Year of Award


Document Type


Degree Type

Master of Science (MS)

Degree Name

Health and Human Performance (Community Health Option)

Department or School/College

Department of Health and Human Performance

Committee Chair

Laura Dybdal

Commitee Members

Stephen Yoshimura, Steven Gaskill


Active 6, afterschool program, barrier to participation, gender, health knowledge, impact evaluation, Missoula, participation rate, physical activity, recruitment, sedentary behavior, self-efficacy, social influences, socioeconomic status, youth


University of Montana


The afterschool environment has arisen as one of the main settings for physical activity programs that aim to prevent childhood obesity and increase physical activity (Beets et al., 2009). The YMCA Active 6 program in was created in 2010 in reaction to the obesity and physical activity trends in Montana’s youth. The program aims to increase physical activity in sixth grade participants and to educate them on different components that contribute to a healthy lifestyle. The purpose of the study was to assess the Active 6 program’s impact on sixth grade students in Missoula, MT. by increasing physical activity, decreasing sedentary behavior, increasing perceived self-efficacy, and improving health perceptions and knowledge. The study also determined if there was a relationship between rate of participation and program impact. In addition, the study assessed the program impact between specific groups, gender (male, female) and SES (low, high). The study also aimed to understand the parent’s perceptions of the program. Matching pre-and post- surveys were given to all participating sixth graders. Qualitative data was collected from conducting phone interviews with parents of sixth graders who were registered but not participating in the program, and parents of students who regularly participate in the program. Results showed that sixth grade participants had a significant increase in health perceptions and knowledge, daily minutes of physical activity, and physical activity self-efficacy from pre-to post assessment. In addition, the results showed that the program did not have a significant impact on gender (male, female) nor socioeconomic status (low, high). The study revealed that participation rate was not a significant predictor of program impact. The qualitative interview data results revealed that transportation was the biggest barrier to participation in the Active 6 program. The parents of students who were registered but not participating communicated an adequate understanding of the program. Parents of students who regularly participated felt the program impacted their child by increasing their activity level, improving their mood, and teaching them new skills. The findings from this study will be used by the Missoula, YMCA to develop, improve, & refine the Active 6 program strategies.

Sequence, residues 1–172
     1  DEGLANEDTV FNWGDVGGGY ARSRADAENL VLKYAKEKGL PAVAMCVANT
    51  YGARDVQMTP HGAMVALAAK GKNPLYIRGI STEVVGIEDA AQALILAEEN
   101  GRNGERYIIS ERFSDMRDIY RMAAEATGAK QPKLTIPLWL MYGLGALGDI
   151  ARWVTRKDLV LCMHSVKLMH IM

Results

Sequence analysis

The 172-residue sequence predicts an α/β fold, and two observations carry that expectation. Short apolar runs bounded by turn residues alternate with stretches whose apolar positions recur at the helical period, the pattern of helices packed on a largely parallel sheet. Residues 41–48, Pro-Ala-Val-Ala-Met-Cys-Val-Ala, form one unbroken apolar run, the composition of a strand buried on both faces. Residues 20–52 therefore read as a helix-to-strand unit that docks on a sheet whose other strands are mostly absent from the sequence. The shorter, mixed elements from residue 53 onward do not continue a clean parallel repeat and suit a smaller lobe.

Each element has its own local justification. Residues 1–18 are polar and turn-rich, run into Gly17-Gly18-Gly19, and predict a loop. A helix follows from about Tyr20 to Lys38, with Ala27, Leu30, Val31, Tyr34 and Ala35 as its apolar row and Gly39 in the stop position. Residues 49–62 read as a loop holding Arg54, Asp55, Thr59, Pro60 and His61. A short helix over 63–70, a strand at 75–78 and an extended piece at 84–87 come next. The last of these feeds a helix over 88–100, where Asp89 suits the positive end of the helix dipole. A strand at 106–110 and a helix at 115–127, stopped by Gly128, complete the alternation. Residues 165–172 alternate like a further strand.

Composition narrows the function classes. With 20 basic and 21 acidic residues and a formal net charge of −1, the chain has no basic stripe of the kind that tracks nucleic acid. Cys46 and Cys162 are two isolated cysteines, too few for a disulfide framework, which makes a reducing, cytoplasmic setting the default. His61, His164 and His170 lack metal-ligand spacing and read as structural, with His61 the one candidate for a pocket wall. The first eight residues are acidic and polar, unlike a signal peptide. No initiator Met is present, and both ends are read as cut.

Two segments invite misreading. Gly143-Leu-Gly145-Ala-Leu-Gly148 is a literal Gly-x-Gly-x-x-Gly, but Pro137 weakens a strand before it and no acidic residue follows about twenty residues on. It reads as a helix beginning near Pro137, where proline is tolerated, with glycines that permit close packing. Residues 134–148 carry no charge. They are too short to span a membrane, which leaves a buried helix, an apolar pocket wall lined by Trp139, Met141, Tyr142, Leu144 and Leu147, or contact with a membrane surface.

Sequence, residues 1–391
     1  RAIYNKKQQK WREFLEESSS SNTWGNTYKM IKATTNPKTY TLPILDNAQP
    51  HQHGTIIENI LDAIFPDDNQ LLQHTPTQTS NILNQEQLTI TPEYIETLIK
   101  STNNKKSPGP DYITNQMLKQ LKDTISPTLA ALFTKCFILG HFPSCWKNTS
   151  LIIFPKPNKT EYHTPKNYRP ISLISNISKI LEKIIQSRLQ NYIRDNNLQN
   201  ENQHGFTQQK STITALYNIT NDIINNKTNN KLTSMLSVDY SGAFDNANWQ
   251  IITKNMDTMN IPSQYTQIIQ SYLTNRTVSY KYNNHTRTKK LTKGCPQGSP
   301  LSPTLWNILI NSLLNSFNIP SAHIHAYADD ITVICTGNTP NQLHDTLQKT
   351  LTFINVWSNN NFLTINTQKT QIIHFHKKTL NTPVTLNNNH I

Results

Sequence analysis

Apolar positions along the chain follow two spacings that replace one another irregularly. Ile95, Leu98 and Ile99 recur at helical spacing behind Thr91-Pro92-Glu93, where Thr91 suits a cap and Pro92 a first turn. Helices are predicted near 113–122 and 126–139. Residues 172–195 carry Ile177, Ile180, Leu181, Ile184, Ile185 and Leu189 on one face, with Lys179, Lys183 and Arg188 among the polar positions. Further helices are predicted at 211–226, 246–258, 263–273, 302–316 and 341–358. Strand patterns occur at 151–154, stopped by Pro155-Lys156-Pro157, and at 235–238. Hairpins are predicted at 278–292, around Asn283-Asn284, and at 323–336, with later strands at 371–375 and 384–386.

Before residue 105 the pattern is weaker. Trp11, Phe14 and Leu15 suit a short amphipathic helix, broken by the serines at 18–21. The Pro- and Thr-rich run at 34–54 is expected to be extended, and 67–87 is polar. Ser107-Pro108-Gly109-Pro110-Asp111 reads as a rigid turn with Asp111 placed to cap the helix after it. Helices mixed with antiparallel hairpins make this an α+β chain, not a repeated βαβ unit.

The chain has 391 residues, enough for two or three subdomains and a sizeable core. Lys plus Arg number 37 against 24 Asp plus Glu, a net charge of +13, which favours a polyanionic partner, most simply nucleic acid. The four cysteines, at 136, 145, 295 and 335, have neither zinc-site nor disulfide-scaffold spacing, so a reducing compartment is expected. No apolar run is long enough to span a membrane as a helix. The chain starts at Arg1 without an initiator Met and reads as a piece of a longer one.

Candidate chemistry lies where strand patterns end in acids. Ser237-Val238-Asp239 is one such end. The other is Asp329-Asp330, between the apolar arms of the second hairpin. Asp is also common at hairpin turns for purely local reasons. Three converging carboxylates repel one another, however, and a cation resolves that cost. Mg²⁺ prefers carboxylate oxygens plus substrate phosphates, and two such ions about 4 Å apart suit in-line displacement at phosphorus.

© Copyright 2013 Carly Michelle Holman